Contract talks broke down Wednesday between Anthem Blue Cross and Blue Shield and a network of five hospitals and other facilities across the state, leaving thousands of residents facing higher health insurance costs.
Anthem and Hartford HealthCare missed a deadline to reach an agreement, which kicked the hospitals out of the insurance company's providers network. Anthem Blue Cross and Blue Shield customers faced paying higher out-of-network rates for getting care at Hartford HealthCare medical centers.
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It wasn't clear when negotiations would resume. Both sides said they remain open to more discussions.
The five affected Hartford HealthCare hospitals are Hartford Hospital, The Hospital of Central Connecticut in New Britain, MidState Medical Center in Meriden, The William W. Backus Hospital in Norwich and Windham Hospital. Other Hartford HealthCare providers would be kicked out of Anthem's network on Nov. 1, including the VNA HealthCare system and Natchaug Hospital in Mansfield for mentally ill patients.
Gov. Dannel P. Malloy, Lt. Gov. Nancy Wyman, Attorney General George Jepsen and other state officials called for Anthem and Hartford HealthCare to return to the bargaining table as soon as possible.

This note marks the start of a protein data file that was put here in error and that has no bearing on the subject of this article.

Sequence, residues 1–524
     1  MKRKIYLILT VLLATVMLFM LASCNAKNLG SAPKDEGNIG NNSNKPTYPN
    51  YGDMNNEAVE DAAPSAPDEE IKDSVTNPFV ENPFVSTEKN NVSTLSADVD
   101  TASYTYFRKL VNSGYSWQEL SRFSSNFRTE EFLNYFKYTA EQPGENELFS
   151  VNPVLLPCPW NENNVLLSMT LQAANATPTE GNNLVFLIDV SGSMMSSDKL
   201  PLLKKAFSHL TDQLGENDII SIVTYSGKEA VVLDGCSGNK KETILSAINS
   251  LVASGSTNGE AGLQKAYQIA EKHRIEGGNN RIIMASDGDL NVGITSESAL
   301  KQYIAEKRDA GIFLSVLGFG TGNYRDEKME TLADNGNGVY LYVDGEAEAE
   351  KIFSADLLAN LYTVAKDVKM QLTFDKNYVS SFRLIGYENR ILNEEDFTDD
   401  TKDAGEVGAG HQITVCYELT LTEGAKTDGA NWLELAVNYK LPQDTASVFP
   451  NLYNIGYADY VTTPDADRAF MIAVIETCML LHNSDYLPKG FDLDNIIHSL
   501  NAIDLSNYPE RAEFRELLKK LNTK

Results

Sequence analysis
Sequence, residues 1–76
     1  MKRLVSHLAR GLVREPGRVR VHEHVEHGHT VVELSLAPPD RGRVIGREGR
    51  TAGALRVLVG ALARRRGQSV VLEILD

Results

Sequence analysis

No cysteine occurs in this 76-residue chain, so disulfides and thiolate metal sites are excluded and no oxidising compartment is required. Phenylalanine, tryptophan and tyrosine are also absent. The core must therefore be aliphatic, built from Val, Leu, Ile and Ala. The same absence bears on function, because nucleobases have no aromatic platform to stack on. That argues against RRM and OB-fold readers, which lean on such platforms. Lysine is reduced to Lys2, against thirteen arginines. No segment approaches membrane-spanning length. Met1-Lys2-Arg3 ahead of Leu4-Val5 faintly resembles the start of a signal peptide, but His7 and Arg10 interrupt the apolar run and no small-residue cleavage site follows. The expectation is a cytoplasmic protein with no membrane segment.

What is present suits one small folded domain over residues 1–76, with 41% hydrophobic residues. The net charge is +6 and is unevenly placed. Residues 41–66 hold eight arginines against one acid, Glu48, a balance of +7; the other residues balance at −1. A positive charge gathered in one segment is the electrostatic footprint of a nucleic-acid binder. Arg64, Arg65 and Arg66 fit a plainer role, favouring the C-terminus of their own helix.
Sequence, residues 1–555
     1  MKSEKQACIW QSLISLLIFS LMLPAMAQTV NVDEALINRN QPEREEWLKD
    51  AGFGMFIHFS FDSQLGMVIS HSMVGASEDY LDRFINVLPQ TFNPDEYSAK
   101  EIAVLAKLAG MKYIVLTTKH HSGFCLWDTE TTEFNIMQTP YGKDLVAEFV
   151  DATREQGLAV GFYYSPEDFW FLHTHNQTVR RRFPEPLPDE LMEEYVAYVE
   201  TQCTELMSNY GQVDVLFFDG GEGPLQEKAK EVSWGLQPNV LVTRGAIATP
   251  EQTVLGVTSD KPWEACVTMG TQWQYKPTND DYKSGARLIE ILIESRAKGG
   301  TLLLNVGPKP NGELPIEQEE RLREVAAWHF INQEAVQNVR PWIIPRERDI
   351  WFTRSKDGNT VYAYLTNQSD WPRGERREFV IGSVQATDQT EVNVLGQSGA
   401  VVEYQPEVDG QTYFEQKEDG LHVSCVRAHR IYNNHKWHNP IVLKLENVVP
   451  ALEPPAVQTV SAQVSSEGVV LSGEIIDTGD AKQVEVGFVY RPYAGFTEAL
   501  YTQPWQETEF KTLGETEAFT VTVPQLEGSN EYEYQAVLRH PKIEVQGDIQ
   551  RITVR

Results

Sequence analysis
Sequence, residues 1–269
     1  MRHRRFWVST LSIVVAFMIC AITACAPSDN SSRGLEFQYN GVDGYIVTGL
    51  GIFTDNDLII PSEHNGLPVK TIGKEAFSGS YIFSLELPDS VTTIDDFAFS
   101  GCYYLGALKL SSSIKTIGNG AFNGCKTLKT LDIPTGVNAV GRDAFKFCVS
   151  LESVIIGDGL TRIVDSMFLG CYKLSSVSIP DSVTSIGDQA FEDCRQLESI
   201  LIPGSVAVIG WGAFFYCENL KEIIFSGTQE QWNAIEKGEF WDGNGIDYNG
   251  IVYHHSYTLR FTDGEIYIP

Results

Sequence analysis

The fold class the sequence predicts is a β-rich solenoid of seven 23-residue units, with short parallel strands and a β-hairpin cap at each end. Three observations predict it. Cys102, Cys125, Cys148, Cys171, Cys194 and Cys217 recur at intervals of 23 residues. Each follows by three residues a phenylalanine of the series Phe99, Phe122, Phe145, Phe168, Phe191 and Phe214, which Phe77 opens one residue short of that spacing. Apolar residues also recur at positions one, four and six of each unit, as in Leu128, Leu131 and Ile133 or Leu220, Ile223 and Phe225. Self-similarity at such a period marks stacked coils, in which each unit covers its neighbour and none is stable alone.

"We're not interested in assigning blame," Malloy and Wyman said in a statement. "We want to make sure that everyone in our state has access to affordable, high-quality health care. We simply cannot let profit margins stand in the way of that goal."
Details of the contract talks and sticking points weren't released.
Hartford HealthCare officials said in a statement that they needed Anthem to be a partner "as we transition health care to a value-based model, which focuses on improving quality outcomes, lowering costs and improving access to care for the patients and communities that rely on us."
Anthem released a statement Wednesday saying it also wanted to reach "fair and sustainable contract terms."
"Our priority right now is to our members and ensuring that they have access to ongoing and uninterrupted high quality health care," the group said.